Republican Rep. Jim Jordan of Ohio – rumored to be a top choice for the next Speaker of the House – has been implicated in a major sexual abuse scandal at Ohio State University after former wrestlers he coached accused him of knowing about the predatory and abusive behavior of a former university doctor.
The university announced in April that it was investigating accusations that Dr. Richard Strauss, who died in 2005, abused team members when he was the team doctor from the mid-1970s to late 1990s.
Jordan, who was assistant wrestling coach at the university from 1986 to 1994, has repeatedly said he knew nothing of the abuse until former students began speaking out this spring. His denials, however, have been met with skepticism and anger from some former members of the wrestling team.
At least one former student told Jordan directly about the abuse, according to NBC News, and several others insisted it would have been impossible for the Republican to have been unaware considering the talk around the locker room.
Former head coach Russ Hellickson, Jordan's mentor, said in a recent video — made by Mike DiSabato, a former wrestler — that Hellickson had told Strauss that he was being too "hands on” with students.
DiSabato, whose allegations against Strauss prompted Ohio State to open its investigation, called Jordan a “liar.”
“I considered Jim Jordan a friend,” DiSabato said. “But at the end of the day, he is absolutely lying if he says he doesn’t know what was going on.”
DiSabato said he contacted Jordan before going to university officials with the allegations, believing Jordan would have his back – instead, Jordan reportedly asked the former wrestler to “please leave me out of it”.
Dunyasha Yetts, who wrestled at Ohio State in 1993 and 1994, said he and others told Jordan about Strauss.
“I remember I had a thumb injury and went into Strauss’ office and he started pulling down my wrestling shorts,” he said. “I’m like, what the f--- are you doing? And I went out and told Russ and Jim what happened. I was not having it. They went in and talked to Strauss.”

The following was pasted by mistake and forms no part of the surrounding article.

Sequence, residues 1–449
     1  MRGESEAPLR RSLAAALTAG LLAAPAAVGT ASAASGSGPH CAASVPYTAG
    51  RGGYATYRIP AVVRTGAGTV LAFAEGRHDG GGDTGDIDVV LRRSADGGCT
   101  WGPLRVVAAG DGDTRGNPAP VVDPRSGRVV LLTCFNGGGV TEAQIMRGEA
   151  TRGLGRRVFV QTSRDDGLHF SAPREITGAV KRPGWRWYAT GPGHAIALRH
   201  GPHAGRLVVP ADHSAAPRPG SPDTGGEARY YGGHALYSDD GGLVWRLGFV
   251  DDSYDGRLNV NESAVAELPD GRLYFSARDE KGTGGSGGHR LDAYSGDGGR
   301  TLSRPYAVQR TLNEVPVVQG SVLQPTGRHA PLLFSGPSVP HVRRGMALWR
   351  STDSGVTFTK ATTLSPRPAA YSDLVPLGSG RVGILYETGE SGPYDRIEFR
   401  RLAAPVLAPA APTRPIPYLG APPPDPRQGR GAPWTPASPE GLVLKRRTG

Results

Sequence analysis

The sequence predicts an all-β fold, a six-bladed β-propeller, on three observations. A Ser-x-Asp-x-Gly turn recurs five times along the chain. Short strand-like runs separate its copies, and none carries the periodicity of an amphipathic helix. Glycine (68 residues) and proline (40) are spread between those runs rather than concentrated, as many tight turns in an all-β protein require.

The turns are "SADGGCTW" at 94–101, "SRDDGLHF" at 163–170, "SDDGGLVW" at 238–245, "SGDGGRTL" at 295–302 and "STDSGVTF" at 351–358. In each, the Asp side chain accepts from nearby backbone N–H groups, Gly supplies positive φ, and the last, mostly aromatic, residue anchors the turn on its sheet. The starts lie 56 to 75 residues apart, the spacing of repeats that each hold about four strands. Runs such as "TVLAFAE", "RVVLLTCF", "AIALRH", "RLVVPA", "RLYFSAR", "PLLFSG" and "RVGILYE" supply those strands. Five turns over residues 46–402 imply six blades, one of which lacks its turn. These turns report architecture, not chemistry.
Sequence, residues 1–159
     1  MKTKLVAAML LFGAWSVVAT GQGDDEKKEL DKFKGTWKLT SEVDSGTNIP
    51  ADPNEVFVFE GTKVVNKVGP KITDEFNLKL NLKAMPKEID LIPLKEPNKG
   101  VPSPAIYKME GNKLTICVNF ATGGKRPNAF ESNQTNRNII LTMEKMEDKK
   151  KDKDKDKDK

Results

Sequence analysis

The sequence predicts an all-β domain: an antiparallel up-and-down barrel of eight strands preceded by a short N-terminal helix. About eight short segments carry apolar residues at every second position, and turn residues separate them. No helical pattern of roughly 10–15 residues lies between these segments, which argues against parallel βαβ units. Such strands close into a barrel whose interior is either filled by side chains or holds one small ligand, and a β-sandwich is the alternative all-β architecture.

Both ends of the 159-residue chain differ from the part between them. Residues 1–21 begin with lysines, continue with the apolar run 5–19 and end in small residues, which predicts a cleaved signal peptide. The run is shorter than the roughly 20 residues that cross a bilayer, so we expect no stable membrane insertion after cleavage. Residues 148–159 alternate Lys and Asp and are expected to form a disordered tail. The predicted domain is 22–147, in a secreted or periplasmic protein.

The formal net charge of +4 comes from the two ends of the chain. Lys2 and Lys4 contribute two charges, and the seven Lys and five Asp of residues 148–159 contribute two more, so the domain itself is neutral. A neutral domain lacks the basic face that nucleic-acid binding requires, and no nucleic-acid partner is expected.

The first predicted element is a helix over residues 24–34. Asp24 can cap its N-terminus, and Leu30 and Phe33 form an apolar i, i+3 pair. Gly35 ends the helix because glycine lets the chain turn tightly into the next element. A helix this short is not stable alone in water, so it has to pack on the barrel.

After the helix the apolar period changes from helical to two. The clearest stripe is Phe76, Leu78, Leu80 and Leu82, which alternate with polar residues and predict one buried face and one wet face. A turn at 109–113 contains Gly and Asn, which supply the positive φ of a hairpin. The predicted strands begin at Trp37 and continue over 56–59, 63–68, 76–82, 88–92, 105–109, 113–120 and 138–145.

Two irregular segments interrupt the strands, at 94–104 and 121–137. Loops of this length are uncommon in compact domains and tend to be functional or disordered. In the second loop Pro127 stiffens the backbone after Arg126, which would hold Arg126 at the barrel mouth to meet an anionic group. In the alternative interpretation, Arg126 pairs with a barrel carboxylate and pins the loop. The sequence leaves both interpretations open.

According to Yetts, he and other teammates discussed Strauss’ behavior with Jordan numerous times.
“He’s a great guy. We would have all these great talks with him and he talked about how one day he’d be the president of the United States."
"So it’s sad for me to hear that he’s denying knowing about Strauss," he said. "I don’t know why he would, unless it’s a cover-up. Either you’re in on it, or you’re a liar.”
But Jordan is holding tight to his claim that no one alerted him to the abuse during his time at the university:
When the first stories about the university investigation appeared this spring, Jordan told The Columbus Dispatch, “I had not heard about any type of abuse at all.” He also said that “no one reported any type of abuse” to him.
After NBC News reached out to Jordan, the congressman’s spokesman repeated the denial.
“Congressman Jordan never saw any abuse, never heard about any abuse, and never had any abuse reported to him during his time as a coach at Ohio State,” his spokesman, Ian Fury, said in an email to NBC News.
DiSabato claims that Strauss abused potentially thousands of students during his years at the university, across 15 different sports; Ohio State officials confirmed complaints from individuals from 14 sports and former patients in Student Health Services.
“Strauss sexually assaulted male athletes in at least fifteen varsity sports during his employment at OSU from 1978 through 1998,” DiSabato wrote in a June 26 email to Kathleen M. Trafford of Porter Wright Morris & Arthur, the Columbus-based law firm that represents Ohio State. “Athlete victims include members of the following programs: football, basketball, wrestling, swimming, cheerleading, volleyball, lacrosse, gymnastics, ice hockey, soccer, baseball, tennis, track and cross country.”
Chillingly, DiSabato added: “Based on testimony from victim athletes from each of the aforementioned varsity sports, we estimate that Strauss sexually assaulted and/or raped a minimum of 1,500/2,000 athletes at OSU from 1978 through 1998.”
Strauss moved to Los Angeles in 1998, where he took his own life seven years later.